Pastor's Message



DISCIPLEGRAM

The Lutheran Church–Missouri Synod

St. Paul Lutheran Church, Preschool & Child Care

743 22-1/2 Avenue, Cumberland, WI

Area Code 715; Office 822-8690; FAX 822-5018

Web Site:www.stpaulcumberland.com; E-Mail: spc100@ centurytel. net

Pastor: John Miels, jmiels89@gmail.comt

Secretary: Barb Ohlemann (Tue-Fri, 8-1)

Preschool Director; Gretchen Frendt (822-8404)

Disciplegram

Considering the Temple Veil

On the day Jesus died a rather extraordinary event happened in the temple. It’s made even more extraordinary by the fact that most of us get it completely backwards. “The veil was not torn to let us in but to let God out.” — Chad Bird

What happened? The veil separating the Holy of Holies from the Holy Place was torn in two from top to bottom. We usually assume that the ripped veil was a symbol that the avenue to God has been cleared of roadblocks. No more veil, no more wall, no more only one Jewish high priest dressed to the liturgical clerical nines entering annually with goat blood in his hands to paint the seat of mercy. All that’s over and done. Since Jesus came and saw and conquered, all that Leviticus stuff has been boxed up, handed to UPS, and shipped off to the museum.

Now that is true. But it’s not why the temple veil was torn in two from top to bottom.

The veil was not torn to let us in but to let God out.

Remember a key point about holiness in Israel. Holiness had a center from which centrifugal areas of holiness spread out like ripples on a pond. The Holy of Holies was the holiest place, the epicenter of sanctity, because it was God’s little cube on this third rock from the sun. His address was 1 Temple Avenue. The closer some person or something was to this epicenter, the holier it was. The farther away, the less holy it was. Sanctification was as much spatial as it was theological. 

But this old way of worship had a shelf life. Old Covenant would be replaced with a New Covenant. God was planning a great big surprise party for the cosmos. He was waiting for the right moment to pack up His sanctification suitcase, say goodbye to His cube (holy seat), and hit the road to take holiness everywhere He went. And that’s precisely what He did when Jesus cried out, “It is finished.” God moved out of the Holy of Holies. Or, to put it another way, God kicked down the door in the temple and brought the Holy of Holies out to us. 

Zechariah had winked about this change centuries before. He foretold the day when even the bells on the horses would bear the inscription, “Holy to the LORD.” The same words reserved for the headpiece of the head honcho of the priesthood would now be inscribed on the jingling harnesses of horses in the street (Zech 14:20). What’s more, the cooking pots that moms use to make lunch in Jewish kitchens would be just as holy as the cooking pot used for sacrifices in the temple (Zech 14:21).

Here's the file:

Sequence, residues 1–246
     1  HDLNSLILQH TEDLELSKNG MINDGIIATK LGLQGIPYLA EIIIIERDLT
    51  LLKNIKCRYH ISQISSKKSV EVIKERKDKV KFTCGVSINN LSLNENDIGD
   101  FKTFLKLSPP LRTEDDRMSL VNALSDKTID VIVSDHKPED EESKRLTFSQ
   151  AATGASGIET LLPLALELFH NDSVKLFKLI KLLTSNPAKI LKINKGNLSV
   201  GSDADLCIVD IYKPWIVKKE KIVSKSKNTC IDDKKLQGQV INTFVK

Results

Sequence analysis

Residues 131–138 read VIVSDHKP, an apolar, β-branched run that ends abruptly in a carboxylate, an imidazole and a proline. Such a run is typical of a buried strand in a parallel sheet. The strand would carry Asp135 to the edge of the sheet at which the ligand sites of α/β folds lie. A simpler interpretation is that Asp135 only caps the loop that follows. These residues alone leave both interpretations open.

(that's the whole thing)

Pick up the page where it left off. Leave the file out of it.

In other words, Aslan is on the move. Yahweh has slipped on His Nikes and gone for a long, long walk—and He brings holiness with Him, leading captives (you and me) in His train. 

He brings it to us: Jews and Gentiles, men and women, old and young. He’s extravagant with His holiness, throwing it here and there as if He can’t get rid of it fast enough. He’s not like some miser who growls at people as they come groveling for holiness. He runs at them and presses it into their hands. 

He liquidates the Holy of Holies into a font of water and splashes sanctification on us unwashed, unholy sinners, thereby crowning us kings and queens of God. He bakes the Holy of Holies into a circle of bread, ferments it into a sip of wine, and bids us digest His love. Even the mere speaking of His words showers us with sanctity as those nouns and verbs, like a flock of holy birds, come and nest in our hearts. 

If horses’ bells and mom’s frying pan are now holy because Yahweh has infiltrated Jerusalem, then there’s a whole lot more that’s holy. Our ears and eyes and feet and hands are holy, too. Work is holy. Play is holy. Smoking my pipe is holy. Making love to my spouse is holy. Driving my truck is holy. Taking my dog for a walk is holy. Sanctification has flooded the world beginning at the cross. Neither in Jerusalem or Samaria shall we worship the Father, Jesus says, but we worship in Spirit and in truth (John 4:21, 23). Where His Spirit and truth are, there is holiness. 

To borrow a phrase from, “O Brother, Where Art Thou”: When it comes to the temple, God’s done R-U-N-N-O-F-T. 

The veil is ripped in two. God has vacated the Holy of Holies. And He’s come out to meet us, to holy us, to forgive us, and to make us all His priests who serve Him in the temples of our lives and the altars of our vocations. Where He is with His Spirit, with this truth, with His gifts, there is the Holy of Holies. We have access to Him by His action toward us.

That’s why the temple veil was torn in two.


Pastor John



 


Your brother in Christ,

Pastor John